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Posts Tagged ‘netherlands’

Dirk Nannes is the latest overseas star to sign up for next season’s Twenty20 Cup (following Adam Gilchrist’s move to Middlesex and the various other county comings and goings), having been snapped up by Nottinghamshire.

The Dutch-Australian fluent Japanese speaker and skiing enthusiast is widely regarded as a Twenty20 specialist, and given his success with Delhi, Victoria and Middlesex in the past (not to mention a certain incident over the summer), it’s hard to argue with Notts director of cricket Mick Newell’s assertion that Nannes is “the most effective Twenty20 bowler in the world“. If Graeme Swann, Samit Patel and Ryan Sidebottom are all available to their county over the summer, then the Outlaws will have quite a bowling line up in the short format next year.

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The Netherlands (or rather, the Dutch cricket board – the KNCB) have accepted the ECB’s offer to take part in their shiny new 40-over competition (not to be confused with their old, irrelevant 40-over competition).

Ireland, meanwhile, have (somewhat controversially, in some quarters) decided not to take part, partly due to the difficulties involved in balancing the Irish national team’s international schedule with the English domestic season as well as its own. The incongruity of playing 40-over cricket in England and 50-over cricket the rest of the time has also been cited as a factor.

Scotland will, however, be joining the Netherlands in the competition, alongside “an ECB Recreational XI” (your guess is as good as mine).

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ODI cricket has a new centurion – Mohammad Shahzad of Afghanistan, who made 110 from 112 balls as everyone’s favourite minnows beat the Netherlands to level the current series at 1-1.

Shahzad’s score is the highest ever score by an Afghan player in a One Day International, but that’s less impressive than it might sound, given that this is only Afghanistan’s third ever ODI.

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After making his Victoria debut at the ripe old age of 29, going missing in Middlesex and briefly going Dutch, Dirk Nannes is set to establish himself as a key part of Australia’s One Day attack. Having made his ODI debut yesterday in Australia’s demolition of Scotland, ‘Dirty’ Dirk will be looking to make an impact in the two Twenty20 matches against England in Manchester, and he certainly has the pedigree to do so given his success in the Twenty20 Cup with Middlesex and in the IPL with Delhi.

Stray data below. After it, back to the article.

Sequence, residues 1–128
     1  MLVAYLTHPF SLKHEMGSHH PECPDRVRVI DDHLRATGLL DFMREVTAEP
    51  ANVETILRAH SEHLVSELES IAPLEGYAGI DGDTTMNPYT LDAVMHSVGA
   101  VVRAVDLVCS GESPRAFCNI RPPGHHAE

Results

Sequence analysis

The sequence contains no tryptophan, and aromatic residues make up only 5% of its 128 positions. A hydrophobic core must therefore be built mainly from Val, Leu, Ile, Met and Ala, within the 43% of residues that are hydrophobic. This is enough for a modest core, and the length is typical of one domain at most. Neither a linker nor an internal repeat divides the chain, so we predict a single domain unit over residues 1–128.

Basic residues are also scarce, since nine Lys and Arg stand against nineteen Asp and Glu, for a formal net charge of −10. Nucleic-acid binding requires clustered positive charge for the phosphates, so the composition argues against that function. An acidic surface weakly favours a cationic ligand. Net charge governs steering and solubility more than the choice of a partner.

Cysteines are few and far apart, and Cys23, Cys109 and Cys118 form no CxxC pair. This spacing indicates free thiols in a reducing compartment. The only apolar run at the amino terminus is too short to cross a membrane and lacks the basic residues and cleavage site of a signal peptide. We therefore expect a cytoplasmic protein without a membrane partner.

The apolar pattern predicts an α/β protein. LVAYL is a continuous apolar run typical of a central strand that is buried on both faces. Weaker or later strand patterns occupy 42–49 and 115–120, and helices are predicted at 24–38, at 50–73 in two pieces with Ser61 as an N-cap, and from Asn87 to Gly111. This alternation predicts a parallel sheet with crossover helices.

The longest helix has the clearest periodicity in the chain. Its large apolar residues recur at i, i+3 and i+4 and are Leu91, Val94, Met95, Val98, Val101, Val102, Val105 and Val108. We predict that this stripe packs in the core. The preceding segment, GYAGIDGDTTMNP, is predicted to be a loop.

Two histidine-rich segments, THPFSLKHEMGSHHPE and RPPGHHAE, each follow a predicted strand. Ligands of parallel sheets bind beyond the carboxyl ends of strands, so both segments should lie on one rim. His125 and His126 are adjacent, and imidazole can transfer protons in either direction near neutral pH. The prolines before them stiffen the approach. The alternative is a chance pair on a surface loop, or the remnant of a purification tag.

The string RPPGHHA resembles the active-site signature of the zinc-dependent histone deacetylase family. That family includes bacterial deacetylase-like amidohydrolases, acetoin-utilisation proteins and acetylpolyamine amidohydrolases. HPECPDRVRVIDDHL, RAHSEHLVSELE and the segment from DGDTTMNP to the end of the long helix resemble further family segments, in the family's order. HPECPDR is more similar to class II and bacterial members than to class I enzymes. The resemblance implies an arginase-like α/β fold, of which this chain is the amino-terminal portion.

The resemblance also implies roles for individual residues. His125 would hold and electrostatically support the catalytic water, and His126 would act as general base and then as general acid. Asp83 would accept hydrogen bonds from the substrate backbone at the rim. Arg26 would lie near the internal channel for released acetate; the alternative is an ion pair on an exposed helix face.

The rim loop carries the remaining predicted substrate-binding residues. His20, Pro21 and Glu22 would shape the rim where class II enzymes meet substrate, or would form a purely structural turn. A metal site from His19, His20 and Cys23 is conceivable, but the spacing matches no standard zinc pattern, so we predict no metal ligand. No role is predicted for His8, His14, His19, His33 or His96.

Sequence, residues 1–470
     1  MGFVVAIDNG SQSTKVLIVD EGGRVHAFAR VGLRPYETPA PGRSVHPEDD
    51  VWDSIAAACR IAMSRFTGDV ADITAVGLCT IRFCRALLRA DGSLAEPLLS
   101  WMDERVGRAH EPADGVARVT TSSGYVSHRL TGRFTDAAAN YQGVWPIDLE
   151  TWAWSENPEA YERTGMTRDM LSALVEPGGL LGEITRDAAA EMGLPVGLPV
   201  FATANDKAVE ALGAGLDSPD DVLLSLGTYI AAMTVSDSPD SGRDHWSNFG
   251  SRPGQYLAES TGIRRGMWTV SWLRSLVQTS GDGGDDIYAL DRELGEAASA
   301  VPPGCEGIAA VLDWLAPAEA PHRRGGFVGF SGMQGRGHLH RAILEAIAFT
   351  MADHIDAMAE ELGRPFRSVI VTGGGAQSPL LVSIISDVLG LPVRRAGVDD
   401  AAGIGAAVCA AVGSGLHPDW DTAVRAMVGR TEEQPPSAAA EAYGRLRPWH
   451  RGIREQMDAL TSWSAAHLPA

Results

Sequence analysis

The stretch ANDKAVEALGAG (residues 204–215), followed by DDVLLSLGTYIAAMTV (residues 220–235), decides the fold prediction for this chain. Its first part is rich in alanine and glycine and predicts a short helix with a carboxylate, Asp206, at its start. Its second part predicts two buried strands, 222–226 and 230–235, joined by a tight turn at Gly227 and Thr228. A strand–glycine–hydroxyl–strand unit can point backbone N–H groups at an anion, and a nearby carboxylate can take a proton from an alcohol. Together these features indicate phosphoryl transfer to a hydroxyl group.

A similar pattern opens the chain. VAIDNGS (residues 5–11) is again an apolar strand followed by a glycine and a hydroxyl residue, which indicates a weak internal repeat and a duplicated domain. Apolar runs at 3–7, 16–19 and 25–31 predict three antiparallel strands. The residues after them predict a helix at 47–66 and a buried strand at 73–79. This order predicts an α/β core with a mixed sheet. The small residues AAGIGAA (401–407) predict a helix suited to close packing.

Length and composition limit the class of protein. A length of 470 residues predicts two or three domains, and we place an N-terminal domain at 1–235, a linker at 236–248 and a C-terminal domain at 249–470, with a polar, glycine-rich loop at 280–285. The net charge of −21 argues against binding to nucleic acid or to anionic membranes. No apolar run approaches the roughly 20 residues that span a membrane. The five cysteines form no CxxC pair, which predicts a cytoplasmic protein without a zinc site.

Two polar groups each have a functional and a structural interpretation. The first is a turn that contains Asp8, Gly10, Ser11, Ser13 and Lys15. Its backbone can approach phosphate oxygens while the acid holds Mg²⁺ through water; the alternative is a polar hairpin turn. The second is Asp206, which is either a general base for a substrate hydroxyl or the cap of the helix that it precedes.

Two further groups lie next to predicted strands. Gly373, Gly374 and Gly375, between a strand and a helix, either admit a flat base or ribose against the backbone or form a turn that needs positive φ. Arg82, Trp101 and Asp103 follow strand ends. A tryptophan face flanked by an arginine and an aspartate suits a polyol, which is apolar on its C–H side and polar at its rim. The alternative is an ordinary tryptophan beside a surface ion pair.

Of course, I’m hoping he’s on the losing side on Sunday (assuming the fabled Manchester climate allows enough play for a result ), but seeing him in the flesh will be special.

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Far removed in many ways from the drama of the world’s most famous Test series, some extraordinary cricket has been taking place in Amstelveen. Twenty wickets fell on the first day of the Intercontinental Cup match between the Netherlands and Afghanistan, the Dutch managing to make 181 whilst the tourists made just 107 in reply.

Hamid Hassan and Mohammed Nabi took four wickets each for the Afghans (the latter for only 45 runs in a ball less than 18 overs), but their batsmen were soon 10/4 in reply on the sort of pitch that would have the average county Chief Executive waking up in cold sweats.

Tom de Grooth bucked the trend by making 54, which is probably worth about 200-odd on the sort of wicket Tests are usually played on these days.

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Dutch cricket has had quite a summer – as England can attest – but it will no longer be able to rely on the services of ‘Don’t Call Him Dirty’ Dirk Nannes, who has been called up by Australia (at last) for the Twenty20 internationals at Old Trafford that will follow the Ashes. Although Nannes‘ appearances for the Netherlands do not preclude him from playing for Australia, were he to play for the latter it would mean he was ineligible to play for the ‘minnows’ again for at least four years (by which time he would be 37).

There may be some consolation for Dutch cricket fans in reports that their side may be included in the One-Day competition that the ECB are planning to replace the current Friends Provident Trophy with in their (relative) shake-up of county cricket. Given that Ireland and Scotland have had an involvement in the FPT for some time, this is likely to be welcomed as an opportunity for Dutch players to gain experience against a higher quality of opposition than it the case at the moment.

If that’s not enough to console Dutch fans, they can perhaps take some comfort in the fact that Nannes’ selection for the Aussies has brought pleasure to others

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Group E

  • The West Indies may have hammered Australia, but that victory owed a lot more to Chris Gayle’s power-hitting than it did to competent fielding from the team at large. Conceding as many runs as the side has recently probably won’t see them progress any further, but such is Gayle’s talent that few totals are unequivocally out of reach if the Windies bat second.

Group F

  • Ireland have exceeded many expectations by reaching this stage, and the lone Associate side remaining in the competition will need more than a little luck to progress any further. The match against Pakistan, though is bound to rekindle memories of 2007, and there’s still a chance of another upset or two being sprung.
  • New Zealand haven’t shown as much promise in their two group matches as I thought they might, but the quality of Vettori, McCullum, Oram and Taylor (if all are fit at the same time) will raise hopes of a Semi Final place.

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